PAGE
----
My wife and I both ride Marin bikes (MV and Rift Zone) that we bought about four years ago, and soon after buying, I upgraded the bars and seatposts to Easton carbon versions. We are planning a trip up to Scotland this summer for some serious biking on Harris and Skye so I feel that we should replace the bars and seatposts prior to the trip.
Question is, should we buy carbon, circa £80 an item, or alloy versions, at £30 an item?
We are not into racing and although I always buy good quality components as and when they need replacing, is there really any advantage in staying with carbon bars and seatstems other than they look great?
All the best
Richard Baillon, Nottinghamshire

Carbon handlebars and seatposts do offer a performance advantage over their aluminium counterparts as they are generally lighter, stronger and most would argue “better looking”.
The other bonus feature that is often overlooked is that of vibration reduction which reduces rider fatigue and improves comfort.
While it is possible to manipulate aluminium tube by butting and forming, thus modifying the level of flex the tube will withstand, the amount of manipulation you can carry out with aluminium is quite limited when compared to the wall thickness and sectional changes that are possible with carbon composites. Easton’s own sales literature shows how much better its carbon bars and posts perform on maximum load, tensile strength and fatigue life when compared to its own aluminium equivalents. So, apart from the cost disadvantage with carbon bars and posts it looks like carbon beats aluminium hands down? ….er, no! Clinical lab tests on new components produce useful data but don’t replicate real-world conditions or scenarios. Unless you are the most careful of riders, your handlebars and seatposts will quickly pick up scuffs and grazes. These surface imperfections affect the structural integrity of the components and the more serious marks could be marking the point at which a component fails completely.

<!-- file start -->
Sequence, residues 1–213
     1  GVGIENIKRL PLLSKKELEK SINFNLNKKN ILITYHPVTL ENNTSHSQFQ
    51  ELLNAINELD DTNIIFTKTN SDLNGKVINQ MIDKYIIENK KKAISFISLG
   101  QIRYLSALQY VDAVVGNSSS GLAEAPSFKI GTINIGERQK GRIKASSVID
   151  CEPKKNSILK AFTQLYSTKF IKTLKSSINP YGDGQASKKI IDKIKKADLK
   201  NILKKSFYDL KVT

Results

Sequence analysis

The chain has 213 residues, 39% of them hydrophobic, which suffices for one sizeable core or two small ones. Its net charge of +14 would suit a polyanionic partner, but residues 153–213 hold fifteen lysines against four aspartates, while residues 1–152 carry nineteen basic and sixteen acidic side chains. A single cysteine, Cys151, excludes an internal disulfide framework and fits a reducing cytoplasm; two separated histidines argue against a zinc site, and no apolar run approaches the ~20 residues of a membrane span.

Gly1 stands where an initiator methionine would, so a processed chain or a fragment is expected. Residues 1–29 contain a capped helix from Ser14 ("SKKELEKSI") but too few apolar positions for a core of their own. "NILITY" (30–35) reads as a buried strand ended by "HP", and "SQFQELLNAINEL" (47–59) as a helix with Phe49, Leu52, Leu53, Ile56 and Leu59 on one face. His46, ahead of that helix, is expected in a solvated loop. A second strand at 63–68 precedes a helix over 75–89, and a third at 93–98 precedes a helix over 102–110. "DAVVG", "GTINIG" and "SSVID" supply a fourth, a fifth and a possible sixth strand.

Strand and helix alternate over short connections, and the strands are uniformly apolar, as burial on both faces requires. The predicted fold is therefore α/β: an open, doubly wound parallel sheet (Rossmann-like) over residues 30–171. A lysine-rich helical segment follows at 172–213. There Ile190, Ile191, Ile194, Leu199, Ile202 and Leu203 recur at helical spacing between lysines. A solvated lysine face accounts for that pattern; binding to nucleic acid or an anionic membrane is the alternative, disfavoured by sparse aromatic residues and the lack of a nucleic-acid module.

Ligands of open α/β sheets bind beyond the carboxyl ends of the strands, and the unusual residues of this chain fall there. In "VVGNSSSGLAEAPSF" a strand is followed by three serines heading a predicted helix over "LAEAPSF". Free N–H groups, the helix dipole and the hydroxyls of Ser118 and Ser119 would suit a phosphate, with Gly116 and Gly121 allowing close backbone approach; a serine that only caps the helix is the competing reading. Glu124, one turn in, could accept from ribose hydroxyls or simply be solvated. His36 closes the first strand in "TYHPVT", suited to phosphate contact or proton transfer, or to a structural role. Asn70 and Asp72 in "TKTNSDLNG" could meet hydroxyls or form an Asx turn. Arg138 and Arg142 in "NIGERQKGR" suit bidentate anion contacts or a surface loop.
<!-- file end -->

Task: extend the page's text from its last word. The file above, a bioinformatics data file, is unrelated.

For the most part, structural problems with aluminium products will be linked directly to externally visible defects or marks. With carbon composites, however, impacts may cause sub-surface problems that are not visible externally, lulling the owner into thinking their bars and seatpost are in A1 condition despite bailing on that last back flip attempt!
If you have a big crash and are unsure about the condition of your bars or post — change them. Or if they’ve been used well for a few seasons — change them.
I know throwing away a pair of £80 handlebars that ‘might be OK’ is hard, but it’s definitely preferable to trying to go down Glentress’s Spooky wood trail using your chest to steer.
Easton composite bars and posts are very good and I’ve used them on my own bikes, including DH race bikes, with no problems, but given the fact that the weight advantage is minimal and that your planned trip may place you a long way from a bike shop, I feel fitting the less exotic aluminium bars and post would be the way to go.

I have noticed that in general you are not big fans of Shimano Dual Control. In fact you recently wrote that you predict it to be heading the same way as Biopace and U Brakes! As a huge fan of the integrated brake and gear levers I find this really hard to understand. Do you feel that they are not user-friendly enough, or is it to do with performance? Having been a dedicated mountain biker for 18 years now I can honestly say I think it’s one of the best things to come out of the Shimano stable! Have I missed something?
Thanks for all the pages of inspiration.
Robin, email

In typical Shimano style, all the Dual Control levers are fantastically well built, shift smoothly, stop you as well as their separate brake levers and last longer than anybody else’s kit.